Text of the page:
Netflix as disruptor
All this hand wringing about Netflix can be traced to the company's recent success. Netflix streaming has become too big too fast. The video-rental service, founded in 1997, surpassed the 20 million-subscriber mark in the quarter ended December 31. That represents a 66 percent jump in subscribers from the 12 million the company possessed a year before.
The service is also out to a big lead when it comes to building an online distribution network. Netflix is available on more than 200 Internet-enabled devices and platforms, including Xbox, PlayStation 3 and iTunes.
The studios don't want to see any service running away with Internet distribution and accumulating the kind of power that could enable it to one day dictate terms. That's how iTunes dominated the music industry during the past decade.
The Hollywood executives I spoke with said they have nothing but the highest regard for the abilities of Netflix CEO Reed Hastings and his management team. Indeed, perhaps Hastings should be flattered by the roadblocks Hollywood is building for his company. The film studios and TV networks have already watched his management team grind other distribution powerhouses into dust. In the past two years, rental chains Blockbuster and Movie Gallery have each filed for bankruptcy protection.
The studios don't want to help a discounter like Netflix do the same to cable.
But at this point, you might be saying to yourself, "Too late." Consumers want to watch what they want when they want and they want it all cheap. Web services like Netflix provide that. What could big media companies possibly come up with that matches the value Netflix offers?
For starters, the studios want to foster more competition. To do this, Hollywood is counting on UltraViolet, the name given to a set of technology standards that will enable consumers to play digital video across a large range of devices and platforms--just like the DVD can. The standards will also enable services to come along and offer consumers a way to store their digital media on their servers. The film industry wants to see new business models grow out of UltraViolet.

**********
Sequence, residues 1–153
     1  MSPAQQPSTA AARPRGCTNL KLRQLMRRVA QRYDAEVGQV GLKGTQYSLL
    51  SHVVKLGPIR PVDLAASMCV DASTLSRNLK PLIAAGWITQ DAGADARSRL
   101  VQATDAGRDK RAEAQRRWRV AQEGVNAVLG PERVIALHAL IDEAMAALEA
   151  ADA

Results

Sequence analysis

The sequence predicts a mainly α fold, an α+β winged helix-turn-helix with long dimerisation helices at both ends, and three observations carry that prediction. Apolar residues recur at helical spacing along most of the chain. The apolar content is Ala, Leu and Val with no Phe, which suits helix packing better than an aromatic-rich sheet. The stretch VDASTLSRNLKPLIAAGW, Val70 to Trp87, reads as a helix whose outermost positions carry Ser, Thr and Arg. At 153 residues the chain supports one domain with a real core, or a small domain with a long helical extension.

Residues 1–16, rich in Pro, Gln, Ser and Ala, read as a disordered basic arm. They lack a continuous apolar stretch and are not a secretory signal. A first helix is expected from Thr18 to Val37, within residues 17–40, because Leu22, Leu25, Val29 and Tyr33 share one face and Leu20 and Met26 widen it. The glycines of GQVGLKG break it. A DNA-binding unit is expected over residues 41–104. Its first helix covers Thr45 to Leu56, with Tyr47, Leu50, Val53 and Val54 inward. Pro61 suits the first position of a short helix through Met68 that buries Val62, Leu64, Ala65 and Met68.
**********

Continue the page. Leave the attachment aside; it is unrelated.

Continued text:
The studios don't want to say goodbye just yet to physical discs but it's important to remember what their goals are and why Netflix may not fit into their plans.
Studio chiefs are eager to get consumers buying and collecting movies again. The home-video category is in decline. Disc sales are tumbling every quarter. One exec told me that 30 to 50 percent of DVDs are still in their original shrink wrap.
There are lots of different theories about why consumers have stopped collecting DVDs. Eric Garland, CEO of Big Champagne, a company that tracks digital-media consumption, says that the huge growth in disc sales was driven by the public's temporary gee-whiz reaction to what was then a nifty new technology.
"The medium was creating this false impression that we had a real need to curate libraries of films," Garland said. "People built film libraries because they had never been able to own movies before. Even then, most of the movies only got watched once."
The DVD helped the film industry generate huge profits for years and that's why the stakes are very high. "If we find out that people won't collect feature films anymore," Garland said, "than the business as we know it is broken beyond repair."
Netflix's streaming service, of course, provides an excellent alternative to buying movies. If Hollywood is serious about freezing the company out when it comes to popular shows and films, then it will be interesting to see whether Netflix can keep up its white-hot subscriber growth.
Keeping score will be easy. For starters, just log on to Netflix's streaming service and decide whether there's anything worth watching.